Hogarth's Pest Control specializes in all types of industries, residential and commercial.
The Big Brown Bat is a species of bat that lives throughout North and Central America, the Caribbean, and the tip of northern South America. It is approximately 110-130 mm in length and has a wingspan of 13 inches—considerably large for an American bat. Found in virtually any American habitat, it is commonly located in southern-lower Michigan. Big Brown Bats can live for more than 20 years. They are insectivores, which means they eat bugs of all kinds including cockroaches.
Big Brown Bats are reddish brown in color and are often called a winged or flying mouse. Their fur is glossy in appearance, which is due to a waxy substance. Their mating season starts in fall but females do not give birth to the pups until May-June. They usually give birth to two pups per litter. From May to September, female bats can be found in both urban and rural areas. Bats will roost in attics, belfries, barns, behind shutters, and in trees. Big Brown Bats often overwinter on the inside of attics. They like to maintain an environmental temperature of around 100 degrees Fahrenheit. Big Brown Bats are nocturnal mammals but will occasionally fly during the day.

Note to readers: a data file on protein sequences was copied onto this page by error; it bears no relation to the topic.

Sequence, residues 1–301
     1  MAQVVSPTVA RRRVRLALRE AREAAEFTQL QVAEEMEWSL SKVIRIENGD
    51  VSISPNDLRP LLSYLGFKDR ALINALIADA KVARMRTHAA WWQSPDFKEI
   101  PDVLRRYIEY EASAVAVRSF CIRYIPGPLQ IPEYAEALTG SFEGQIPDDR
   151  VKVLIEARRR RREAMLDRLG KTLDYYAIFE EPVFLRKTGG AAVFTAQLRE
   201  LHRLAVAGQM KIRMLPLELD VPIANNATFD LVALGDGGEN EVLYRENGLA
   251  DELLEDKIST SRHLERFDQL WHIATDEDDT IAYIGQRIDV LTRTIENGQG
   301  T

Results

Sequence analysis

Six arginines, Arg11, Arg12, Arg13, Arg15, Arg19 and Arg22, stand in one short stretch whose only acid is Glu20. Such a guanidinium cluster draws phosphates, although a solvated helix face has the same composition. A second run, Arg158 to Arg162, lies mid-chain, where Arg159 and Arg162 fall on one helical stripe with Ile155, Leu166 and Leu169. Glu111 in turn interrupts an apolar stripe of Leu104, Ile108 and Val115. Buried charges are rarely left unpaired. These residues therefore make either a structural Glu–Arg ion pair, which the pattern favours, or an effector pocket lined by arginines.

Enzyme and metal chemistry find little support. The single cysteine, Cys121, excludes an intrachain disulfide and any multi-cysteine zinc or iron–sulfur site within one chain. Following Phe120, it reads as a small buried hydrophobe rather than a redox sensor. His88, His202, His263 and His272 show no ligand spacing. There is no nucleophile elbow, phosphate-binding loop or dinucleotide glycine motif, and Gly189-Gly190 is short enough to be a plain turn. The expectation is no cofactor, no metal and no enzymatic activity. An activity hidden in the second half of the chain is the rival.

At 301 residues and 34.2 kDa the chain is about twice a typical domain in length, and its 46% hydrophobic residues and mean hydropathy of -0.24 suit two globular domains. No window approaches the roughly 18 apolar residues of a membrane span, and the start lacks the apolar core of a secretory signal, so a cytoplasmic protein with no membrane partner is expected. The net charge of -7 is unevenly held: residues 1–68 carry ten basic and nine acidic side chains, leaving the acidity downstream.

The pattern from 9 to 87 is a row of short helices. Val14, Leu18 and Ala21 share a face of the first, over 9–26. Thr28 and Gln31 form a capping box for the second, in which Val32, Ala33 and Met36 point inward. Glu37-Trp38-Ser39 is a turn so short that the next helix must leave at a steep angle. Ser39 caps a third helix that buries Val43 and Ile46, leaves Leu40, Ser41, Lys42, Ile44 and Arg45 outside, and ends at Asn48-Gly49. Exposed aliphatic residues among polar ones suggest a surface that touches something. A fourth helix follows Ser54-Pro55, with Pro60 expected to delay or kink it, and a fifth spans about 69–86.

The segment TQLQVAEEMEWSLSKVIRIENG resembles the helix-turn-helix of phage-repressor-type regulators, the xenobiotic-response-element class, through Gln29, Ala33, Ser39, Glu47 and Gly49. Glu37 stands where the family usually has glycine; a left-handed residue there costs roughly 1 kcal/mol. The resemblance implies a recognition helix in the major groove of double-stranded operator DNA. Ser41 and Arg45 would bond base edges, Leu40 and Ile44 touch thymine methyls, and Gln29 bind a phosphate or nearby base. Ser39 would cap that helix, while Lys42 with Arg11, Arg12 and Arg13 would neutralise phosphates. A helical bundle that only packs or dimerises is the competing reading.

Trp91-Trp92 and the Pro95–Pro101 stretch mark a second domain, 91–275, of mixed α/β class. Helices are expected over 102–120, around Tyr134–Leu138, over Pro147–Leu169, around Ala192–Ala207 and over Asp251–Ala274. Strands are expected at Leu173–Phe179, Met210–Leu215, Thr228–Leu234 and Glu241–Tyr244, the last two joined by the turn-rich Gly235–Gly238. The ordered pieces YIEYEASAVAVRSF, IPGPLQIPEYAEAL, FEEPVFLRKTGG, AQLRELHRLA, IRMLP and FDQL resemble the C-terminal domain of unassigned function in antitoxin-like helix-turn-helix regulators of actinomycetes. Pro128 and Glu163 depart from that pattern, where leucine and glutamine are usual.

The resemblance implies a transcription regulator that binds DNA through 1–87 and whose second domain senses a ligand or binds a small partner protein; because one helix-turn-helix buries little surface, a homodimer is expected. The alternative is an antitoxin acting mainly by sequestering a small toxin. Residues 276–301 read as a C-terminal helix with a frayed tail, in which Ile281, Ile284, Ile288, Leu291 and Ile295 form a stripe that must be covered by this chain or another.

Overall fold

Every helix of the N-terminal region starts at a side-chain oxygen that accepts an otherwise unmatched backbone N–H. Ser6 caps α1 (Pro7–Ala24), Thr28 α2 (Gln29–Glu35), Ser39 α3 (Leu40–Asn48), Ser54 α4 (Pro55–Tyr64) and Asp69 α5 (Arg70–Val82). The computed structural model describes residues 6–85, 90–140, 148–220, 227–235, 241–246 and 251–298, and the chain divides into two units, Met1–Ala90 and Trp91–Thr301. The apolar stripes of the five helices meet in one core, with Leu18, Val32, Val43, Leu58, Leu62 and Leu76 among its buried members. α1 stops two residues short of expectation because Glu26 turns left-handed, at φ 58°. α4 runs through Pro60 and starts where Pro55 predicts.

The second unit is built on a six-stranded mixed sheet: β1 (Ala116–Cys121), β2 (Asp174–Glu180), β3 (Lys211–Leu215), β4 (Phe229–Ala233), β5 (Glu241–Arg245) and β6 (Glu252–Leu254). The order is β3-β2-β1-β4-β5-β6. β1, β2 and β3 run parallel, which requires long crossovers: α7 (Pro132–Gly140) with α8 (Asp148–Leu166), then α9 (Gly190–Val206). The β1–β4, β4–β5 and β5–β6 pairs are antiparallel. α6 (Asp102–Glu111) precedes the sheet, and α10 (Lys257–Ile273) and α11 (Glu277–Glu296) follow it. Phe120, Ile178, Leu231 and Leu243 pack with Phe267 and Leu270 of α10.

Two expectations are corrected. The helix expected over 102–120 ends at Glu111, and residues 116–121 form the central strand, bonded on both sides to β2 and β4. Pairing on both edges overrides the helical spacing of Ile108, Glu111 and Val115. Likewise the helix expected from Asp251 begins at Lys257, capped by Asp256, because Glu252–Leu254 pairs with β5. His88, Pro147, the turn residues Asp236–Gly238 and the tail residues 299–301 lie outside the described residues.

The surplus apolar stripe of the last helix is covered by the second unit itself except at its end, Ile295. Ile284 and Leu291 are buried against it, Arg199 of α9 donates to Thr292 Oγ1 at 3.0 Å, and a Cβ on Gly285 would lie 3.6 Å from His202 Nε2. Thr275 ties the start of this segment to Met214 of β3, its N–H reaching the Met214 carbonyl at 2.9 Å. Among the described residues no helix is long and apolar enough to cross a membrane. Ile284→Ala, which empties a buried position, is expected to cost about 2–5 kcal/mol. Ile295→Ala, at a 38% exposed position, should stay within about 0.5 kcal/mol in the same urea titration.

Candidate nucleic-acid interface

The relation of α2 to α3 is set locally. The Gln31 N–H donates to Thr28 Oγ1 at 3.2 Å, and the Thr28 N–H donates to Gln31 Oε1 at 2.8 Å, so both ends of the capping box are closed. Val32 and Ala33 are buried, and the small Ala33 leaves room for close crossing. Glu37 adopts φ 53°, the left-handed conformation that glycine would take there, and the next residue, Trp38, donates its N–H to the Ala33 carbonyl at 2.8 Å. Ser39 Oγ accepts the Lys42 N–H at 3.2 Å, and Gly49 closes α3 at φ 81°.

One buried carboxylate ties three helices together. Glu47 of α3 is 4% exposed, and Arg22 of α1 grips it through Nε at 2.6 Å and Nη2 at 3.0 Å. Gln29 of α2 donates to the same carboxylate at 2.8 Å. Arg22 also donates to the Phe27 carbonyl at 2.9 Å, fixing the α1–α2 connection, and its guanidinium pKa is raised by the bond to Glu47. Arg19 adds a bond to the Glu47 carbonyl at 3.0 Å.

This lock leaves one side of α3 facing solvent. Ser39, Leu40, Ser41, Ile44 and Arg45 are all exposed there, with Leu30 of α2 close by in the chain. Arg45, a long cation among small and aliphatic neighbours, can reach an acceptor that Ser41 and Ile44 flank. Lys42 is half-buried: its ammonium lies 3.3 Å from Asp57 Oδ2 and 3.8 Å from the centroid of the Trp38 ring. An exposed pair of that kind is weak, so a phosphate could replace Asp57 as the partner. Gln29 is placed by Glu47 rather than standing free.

Bats have 32 sharp teeth but cannot chew or gnaw their way inside; however, all it takes for a bat to enter into a structure is about a dime-size or ¼ inch hole. Bats can carry rabies and transmission to humans may be possible if any physical contact has been made. Clients should always take every precaution to avoid direct contact with bats and should contact a professional at the first available opportunity if they know or believe physical contact has been made. Bat droppings, or bat guano, may also be hazardous to humans through exposure to histoplasmosis. Health risk is based on the amount the amount and location of bat guano, and if any disturbance of bat guano has been made.
How To Keep Out
Bat exclusion is the process of sealing, caulking, screening, and/or venting all potential bat entry points on the exterior of the structure to evict the bats and prevent future entry. Removal is often done through the use of one-way exit devices that allow bats to leave the structure but not re-enter. Bat trapping is not a biologically sound method of eviction; one that we at Hogarth’s Pest Control and Wildlife do not use or promote.